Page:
I found that between Thunar & GPrename, I'm getting done exactly what I wanted, so a script really isn't needed here. Most of my pictures are un-renamed, from the camera, in names like "CIM0094.jpg", so editing those once properly sorted is easy. The really hard folder I had with misnamed pictures worked out too, albeit longer, after adding hour, minute, and second time modified data to the names with Thunar using %H%m%s, and then normal renaming with replace-text.

I really appreciate when people like you two go out of your way to help me on here, because I only post when I'm absolutely at wits end. I hope someday I'll know enough to start helping others like you helped me today.

unutbu
July 30th, 2009, 06:23 PM
If you install the jhead package, you can rename image files like this:


jhead -n%Y%m%d_%H:%M:%S *.jpg

%Y%m%d_%H:%M:%S means year,month,date_hour:minute:second.

However, this only works for images with exif data.
Images from digital cameras usually fall into this category.

Note that the datestamp refers to when the image was taken, not the last modification time of the file.

egalvan
July 30th, 2009, 06:33 PM
I always rename files like this: "Filename Is This.ext"- I HATE how Linux defaults to uppercase for extentions (sic). I like the first letter of every new word capitalized, and all extentions (sic) lowercase. I've extremely, extremely meticulous about this (obsessive compulsive to a T), and I lose sleep over unnamed/unorganized files on my computer that don't conform


I too am obsessive about how files are named...

but I have been running Linux for over a year, and have NEVER had Linux default to uppercase for extensions...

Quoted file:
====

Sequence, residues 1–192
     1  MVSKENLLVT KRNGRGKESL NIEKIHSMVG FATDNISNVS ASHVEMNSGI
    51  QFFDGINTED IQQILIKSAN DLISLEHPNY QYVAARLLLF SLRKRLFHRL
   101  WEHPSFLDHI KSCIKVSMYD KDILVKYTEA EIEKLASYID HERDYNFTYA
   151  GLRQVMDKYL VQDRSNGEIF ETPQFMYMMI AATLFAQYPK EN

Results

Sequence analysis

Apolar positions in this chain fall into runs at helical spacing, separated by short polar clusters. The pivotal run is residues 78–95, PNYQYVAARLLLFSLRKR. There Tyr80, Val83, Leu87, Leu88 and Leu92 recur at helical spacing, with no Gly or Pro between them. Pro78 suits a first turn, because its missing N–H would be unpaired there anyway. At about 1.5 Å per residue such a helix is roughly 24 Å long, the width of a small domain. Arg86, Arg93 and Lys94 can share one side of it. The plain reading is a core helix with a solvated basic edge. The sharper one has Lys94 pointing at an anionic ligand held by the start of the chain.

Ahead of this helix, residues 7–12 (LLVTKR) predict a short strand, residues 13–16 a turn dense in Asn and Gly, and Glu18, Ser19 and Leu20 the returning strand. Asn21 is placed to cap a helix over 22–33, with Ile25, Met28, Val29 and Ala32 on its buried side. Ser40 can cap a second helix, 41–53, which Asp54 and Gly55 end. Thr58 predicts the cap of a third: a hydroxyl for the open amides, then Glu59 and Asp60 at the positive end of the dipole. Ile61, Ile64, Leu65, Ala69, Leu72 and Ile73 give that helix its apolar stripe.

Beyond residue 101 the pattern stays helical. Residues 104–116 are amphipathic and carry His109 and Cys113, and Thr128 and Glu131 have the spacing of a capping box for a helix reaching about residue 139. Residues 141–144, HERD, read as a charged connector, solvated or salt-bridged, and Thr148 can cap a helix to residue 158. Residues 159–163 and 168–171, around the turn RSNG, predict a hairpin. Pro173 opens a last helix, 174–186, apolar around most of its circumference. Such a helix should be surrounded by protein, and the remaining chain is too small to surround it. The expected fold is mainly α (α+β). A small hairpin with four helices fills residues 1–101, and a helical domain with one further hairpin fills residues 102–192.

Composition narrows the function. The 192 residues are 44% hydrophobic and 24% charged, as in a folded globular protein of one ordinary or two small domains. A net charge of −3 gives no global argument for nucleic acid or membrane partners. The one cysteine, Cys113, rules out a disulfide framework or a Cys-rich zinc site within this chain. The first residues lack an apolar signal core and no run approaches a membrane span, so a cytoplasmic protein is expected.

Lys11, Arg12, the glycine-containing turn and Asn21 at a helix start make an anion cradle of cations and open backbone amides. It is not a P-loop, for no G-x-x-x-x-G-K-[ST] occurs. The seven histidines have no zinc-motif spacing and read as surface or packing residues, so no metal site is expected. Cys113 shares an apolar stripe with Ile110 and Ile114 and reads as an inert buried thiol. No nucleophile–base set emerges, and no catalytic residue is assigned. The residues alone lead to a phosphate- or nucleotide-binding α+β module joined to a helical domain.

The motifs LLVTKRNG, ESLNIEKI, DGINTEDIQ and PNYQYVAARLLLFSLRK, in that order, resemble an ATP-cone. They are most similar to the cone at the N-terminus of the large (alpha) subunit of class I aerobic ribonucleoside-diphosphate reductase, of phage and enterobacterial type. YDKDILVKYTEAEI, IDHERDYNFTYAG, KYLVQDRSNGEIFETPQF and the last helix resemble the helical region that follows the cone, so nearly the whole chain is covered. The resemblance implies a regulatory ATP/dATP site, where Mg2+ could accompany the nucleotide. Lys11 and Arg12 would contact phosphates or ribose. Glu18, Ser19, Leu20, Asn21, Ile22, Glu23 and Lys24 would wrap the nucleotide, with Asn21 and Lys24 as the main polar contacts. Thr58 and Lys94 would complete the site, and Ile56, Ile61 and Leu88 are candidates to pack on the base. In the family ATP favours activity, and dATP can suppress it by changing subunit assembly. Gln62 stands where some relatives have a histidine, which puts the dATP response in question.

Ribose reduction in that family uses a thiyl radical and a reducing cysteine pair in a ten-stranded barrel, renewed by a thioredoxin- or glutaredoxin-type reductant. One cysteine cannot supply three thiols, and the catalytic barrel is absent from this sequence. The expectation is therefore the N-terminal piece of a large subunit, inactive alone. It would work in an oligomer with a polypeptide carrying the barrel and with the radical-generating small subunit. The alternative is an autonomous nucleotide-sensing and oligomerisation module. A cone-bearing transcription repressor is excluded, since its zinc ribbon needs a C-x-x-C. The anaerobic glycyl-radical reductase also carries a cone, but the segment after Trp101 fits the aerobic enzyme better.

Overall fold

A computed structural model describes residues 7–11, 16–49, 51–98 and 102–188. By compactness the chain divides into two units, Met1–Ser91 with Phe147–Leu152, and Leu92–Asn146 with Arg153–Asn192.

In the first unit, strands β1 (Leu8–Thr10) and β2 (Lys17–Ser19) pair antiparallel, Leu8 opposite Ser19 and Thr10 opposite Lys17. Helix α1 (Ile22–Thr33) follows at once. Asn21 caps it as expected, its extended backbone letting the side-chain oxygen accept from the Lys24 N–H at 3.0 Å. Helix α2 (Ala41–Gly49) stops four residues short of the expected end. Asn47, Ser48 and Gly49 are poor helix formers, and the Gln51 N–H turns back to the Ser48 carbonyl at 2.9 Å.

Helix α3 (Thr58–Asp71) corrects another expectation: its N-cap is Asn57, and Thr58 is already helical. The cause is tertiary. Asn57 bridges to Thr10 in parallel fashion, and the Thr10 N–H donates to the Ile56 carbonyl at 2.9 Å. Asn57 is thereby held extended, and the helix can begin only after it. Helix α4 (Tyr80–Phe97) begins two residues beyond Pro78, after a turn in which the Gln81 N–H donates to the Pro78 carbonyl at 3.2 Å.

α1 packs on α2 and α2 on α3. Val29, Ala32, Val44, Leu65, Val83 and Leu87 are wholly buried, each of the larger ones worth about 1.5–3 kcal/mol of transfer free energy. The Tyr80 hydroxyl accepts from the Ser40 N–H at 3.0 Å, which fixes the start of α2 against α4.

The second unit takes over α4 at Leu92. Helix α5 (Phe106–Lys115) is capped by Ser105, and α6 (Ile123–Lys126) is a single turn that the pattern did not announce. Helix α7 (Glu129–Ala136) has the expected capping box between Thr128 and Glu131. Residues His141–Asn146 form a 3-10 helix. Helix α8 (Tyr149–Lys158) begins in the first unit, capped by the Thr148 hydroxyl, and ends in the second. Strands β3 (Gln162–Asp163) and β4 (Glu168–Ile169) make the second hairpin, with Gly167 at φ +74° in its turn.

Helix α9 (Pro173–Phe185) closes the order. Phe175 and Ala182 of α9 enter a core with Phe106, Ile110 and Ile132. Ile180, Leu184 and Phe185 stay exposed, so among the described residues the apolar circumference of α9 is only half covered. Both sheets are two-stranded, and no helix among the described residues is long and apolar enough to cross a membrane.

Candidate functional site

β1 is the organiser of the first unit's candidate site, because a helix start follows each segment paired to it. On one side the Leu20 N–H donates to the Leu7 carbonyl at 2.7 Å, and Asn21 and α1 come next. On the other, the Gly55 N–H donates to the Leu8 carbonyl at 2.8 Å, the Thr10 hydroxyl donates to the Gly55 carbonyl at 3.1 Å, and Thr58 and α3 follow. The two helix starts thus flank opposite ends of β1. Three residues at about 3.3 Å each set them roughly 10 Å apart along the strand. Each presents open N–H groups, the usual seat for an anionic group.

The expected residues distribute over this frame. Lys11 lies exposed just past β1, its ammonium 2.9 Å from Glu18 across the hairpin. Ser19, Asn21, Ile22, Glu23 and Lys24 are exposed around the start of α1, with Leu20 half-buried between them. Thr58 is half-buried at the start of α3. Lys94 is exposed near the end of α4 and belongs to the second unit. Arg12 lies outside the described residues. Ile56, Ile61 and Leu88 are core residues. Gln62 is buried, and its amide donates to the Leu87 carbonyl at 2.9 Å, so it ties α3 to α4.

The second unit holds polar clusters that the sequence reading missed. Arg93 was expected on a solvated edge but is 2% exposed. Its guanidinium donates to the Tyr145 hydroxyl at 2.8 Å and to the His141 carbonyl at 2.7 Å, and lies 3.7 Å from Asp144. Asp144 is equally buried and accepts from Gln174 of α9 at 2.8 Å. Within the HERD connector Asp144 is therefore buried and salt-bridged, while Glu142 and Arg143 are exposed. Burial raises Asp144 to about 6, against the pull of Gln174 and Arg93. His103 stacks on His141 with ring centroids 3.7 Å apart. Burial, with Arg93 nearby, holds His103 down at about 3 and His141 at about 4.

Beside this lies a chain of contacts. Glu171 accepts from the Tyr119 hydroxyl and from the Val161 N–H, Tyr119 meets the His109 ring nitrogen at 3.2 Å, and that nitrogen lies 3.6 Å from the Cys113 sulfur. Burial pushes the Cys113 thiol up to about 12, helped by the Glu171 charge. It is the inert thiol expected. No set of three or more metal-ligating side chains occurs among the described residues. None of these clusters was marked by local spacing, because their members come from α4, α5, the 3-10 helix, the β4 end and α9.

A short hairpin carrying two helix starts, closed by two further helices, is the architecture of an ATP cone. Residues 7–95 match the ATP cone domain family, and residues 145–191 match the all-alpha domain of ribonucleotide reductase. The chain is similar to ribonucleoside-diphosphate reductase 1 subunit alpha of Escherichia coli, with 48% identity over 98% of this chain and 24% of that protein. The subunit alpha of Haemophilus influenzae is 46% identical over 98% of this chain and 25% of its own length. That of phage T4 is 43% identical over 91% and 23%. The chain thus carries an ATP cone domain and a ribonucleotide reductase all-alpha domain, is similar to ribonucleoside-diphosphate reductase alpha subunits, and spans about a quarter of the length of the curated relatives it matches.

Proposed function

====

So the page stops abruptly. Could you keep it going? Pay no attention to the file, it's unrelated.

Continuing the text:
In fact, Linux being Unix, it defaults to lowercase and no spaces...


(Of course, with the on-going MS-Windowization of the Linux GUI, this is going out the window,
and mixed-case and uppercase and spaces are becoming becoming more accepted. :( )

lavinog
July 30th, 2009, 11:00 PM
I see. If you really want to take that much trouble for me, and it works, it's very much appreciated. I'd paypal you some cash for your trouble in a case like this, but I'm out of a job, and have 1.45$ left in my bank account!

I would be happy to have the opportunity to make something that someone would find useful.
I am working on making it a nautilus script, but afterwards I could make it a standalone app like gprename. Most of the options will be checkboxes so that you can do more than one operation in a single pass.
Case operations:
all upper
all lower
upper/lower extentions
First upper
First after spaces upper

Numbering:

number after sorting by creation/modification time, filename, filesize, filetype
add/remove leading zeros

Prefix operations:

insert prefix
change prefix
convert spaces or illegal characters to other




but I have been running Linux for over a year, and have NEVER had Linux default to uppercase for extensions...

I think it is dependent on the camera. My main camera stores the images with uppercase extensions, while my phone camera stores them with lowercase extensions.



(Of course, with the on-going MS-Windowization of the Linux GUI, this is going out the window,
and mixed-case and uppercase and spaces are becoming becoming more accepted. :( )
The problem is in linux IMG0001.JPG and IMG0001.jpg can coexist, but if you copy the two files to a windows computer, one overwrites the other.

riarda
October 6th, 2009, 01:47 PM
You must try Metamorphose2 (http://file-folder-ren.sourceforge.net/). The best renamer I have ever used. It is an all in one solution. ;)